Traywick Contemporary is pleased to announce Build, a group exhibition exploring the physicality of art-making practices. The artists in this exhibition build and assemble work in two and three-dimensions by folding, cutting, sewing, stacking, shaping, layering, staging, collaging, drawing, painting and other constructive acts. All the artists in the show are inspired by the elemental nature of materials and the processes that ultimately transform them.
Accumulations of a single elemental form—hand rolled curves of fired and painted clay—are a signature of Bean Finneran's sculptural installations. The artist stacks and interweaves thousands of her colorful "curves" to create amorphous cones, rings and piles. Using no glue or adhesive, she carefully balances the individual parts in ways that defy gravity, as well as expectation.
Karrie Hovey's materials are the byproducts of consumer culture that question our relationship with the environment. In her site specific installations, book pages are cut and folded into clusters of flowers and recycled plastics are reconfigured into clinging vines and climbing trees as the artist explores the effects of human intervention in nature.
Using a single sheet of paper for each piece, Prajakti Jayavant studies the interplay of sculpture, drawing and painting. The artist builds up the surface of the paper with a nuanced monochromatic palette in oil and acrylic, then physically manipulates the paper by bending, cutting, and folding into its final shape, which is ultimately a visual record of the artist's actions in creating the work.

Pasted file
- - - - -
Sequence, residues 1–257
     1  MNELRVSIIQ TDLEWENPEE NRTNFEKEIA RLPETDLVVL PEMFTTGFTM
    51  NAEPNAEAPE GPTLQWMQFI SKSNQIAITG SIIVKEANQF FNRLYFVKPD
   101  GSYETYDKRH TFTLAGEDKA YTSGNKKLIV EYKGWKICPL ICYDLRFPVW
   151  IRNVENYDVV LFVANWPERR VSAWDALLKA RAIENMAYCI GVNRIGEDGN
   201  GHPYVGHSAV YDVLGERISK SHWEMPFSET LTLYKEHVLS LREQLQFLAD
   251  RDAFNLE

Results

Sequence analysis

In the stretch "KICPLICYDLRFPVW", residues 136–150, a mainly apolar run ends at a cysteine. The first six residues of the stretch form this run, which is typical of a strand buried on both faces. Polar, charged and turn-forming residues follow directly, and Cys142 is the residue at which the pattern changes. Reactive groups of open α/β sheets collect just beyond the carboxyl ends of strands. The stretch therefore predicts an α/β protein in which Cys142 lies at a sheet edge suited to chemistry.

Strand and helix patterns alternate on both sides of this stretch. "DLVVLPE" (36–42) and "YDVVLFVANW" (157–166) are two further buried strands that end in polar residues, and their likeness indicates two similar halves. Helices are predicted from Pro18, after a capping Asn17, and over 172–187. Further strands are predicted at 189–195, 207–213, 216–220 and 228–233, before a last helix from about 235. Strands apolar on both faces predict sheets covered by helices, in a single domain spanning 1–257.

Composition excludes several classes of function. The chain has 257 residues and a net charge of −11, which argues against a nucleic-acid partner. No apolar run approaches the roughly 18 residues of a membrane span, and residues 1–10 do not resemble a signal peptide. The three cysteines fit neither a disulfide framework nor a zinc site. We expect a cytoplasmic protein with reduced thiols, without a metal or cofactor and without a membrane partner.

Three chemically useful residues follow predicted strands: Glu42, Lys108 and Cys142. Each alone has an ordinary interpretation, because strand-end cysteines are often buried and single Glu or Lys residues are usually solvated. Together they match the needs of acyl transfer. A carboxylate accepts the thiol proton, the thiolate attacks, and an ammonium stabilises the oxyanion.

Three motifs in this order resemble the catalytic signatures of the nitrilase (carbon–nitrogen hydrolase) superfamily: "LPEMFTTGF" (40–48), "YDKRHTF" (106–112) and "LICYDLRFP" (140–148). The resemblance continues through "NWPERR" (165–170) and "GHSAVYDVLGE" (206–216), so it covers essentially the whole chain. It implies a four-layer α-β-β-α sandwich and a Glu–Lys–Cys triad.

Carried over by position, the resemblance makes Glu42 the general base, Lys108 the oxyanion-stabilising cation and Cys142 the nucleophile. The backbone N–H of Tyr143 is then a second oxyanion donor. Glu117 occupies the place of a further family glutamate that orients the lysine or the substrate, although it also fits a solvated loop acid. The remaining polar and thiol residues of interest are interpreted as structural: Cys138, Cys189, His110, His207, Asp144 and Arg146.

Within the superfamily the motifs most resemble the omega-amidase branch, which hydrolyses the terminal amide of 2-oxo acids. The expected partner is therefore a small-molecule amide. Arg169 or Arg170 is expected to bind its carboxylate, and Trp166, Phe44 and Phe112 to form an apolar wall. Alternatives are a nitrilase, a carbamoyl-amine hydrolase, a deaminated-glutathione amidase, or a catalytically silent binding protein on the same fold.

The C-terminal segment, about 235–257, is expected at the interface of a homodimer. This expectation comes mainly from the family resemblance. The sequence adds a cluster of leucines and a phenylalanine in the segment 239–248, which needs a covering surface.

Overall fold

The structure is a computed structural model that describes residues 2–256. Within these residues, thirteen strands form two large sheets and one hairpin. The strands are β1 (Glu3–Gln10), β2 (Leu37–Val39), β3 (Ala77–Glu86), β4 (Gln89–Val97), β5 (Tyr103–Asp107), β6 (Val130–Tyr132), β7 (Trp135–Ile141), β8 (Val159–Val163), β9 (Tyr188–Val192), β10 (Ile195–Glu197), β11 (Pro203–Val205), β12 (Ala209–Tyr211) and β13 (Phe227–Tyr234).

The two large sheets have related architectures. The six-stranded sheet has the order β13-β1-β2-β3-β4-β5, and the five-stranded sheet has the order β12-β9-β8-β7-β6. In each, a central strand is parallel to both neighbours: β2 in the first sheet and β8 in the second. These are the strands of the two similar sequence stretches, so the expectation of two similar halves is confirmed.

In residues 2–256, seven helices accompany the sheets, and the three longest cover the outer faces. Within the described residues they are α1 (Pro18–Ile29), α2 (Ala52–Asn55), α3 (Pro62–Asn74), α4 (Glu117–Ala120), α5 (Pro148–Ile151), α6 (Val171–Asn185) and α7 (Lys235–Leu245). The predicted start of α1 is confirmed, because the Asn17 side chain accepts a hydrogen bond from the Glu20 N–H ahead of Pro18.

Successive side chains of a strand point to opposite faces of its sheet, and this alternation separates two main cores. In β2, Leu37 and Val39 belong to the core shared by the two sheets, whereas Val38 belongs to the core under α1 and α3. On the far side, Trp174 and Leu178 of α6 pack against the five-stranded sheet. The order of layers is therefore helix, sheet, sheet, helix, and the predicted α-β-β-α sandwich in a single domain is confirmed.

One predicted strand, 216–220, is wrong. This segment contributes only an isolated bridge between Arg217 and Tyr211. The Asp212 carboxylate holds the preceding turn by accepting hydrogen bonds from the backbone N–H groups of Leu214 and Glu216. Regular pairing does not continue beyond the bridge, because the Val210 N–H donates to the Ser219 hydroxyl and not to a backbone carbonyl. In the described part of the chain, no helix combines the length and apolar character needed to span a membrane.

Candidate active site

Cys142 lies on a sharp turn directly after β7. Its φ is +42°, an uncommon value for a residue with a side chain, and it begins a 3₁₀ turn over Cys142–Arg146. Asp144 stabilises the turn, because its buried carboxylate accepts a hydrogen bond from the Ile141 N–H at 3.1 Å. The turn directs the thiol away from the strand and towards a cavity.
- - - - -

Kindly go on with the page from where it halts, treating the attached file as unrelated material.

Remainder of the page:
Jenna Kuiper's photograms bring the intentions of drawing and collage to the photography darkroom. The artist composes still-life arrangements using paper cutouts that reference everyday objects—plants, sculptures, geometric forms, other ephemera—that are then subjected to multiple exposures. Combining precise timing, the artist's intuition and the often-unpredictable effects of the darkroom, Kuiper's photograms strike a delicate balance between the deliberate and the unknown.
Moving beyond the planar surface of her works on paper, Annie O'Dorisio constructs abstract forms with sculptural and architectural overtones. First outlining in pencil, the artist then creates areas of pattern with ink and sews into the paper with wool thread. As the artist punctures the paper and embeds the shapes into their ground, the work is transformed beyond the two dimensional surface of the page.
Maria Porges' recent work explores the printed word as both sculptural source material and rich subject matter, with a nod to the shifting role that books now play in a digital world. The artist dismantles salvaged books, cutting them into unexpected shapes and painting them in saturated colors. The reconfigured book parts are outfitted with hardware and handles, becoming re-imagined tools, toys and weapons.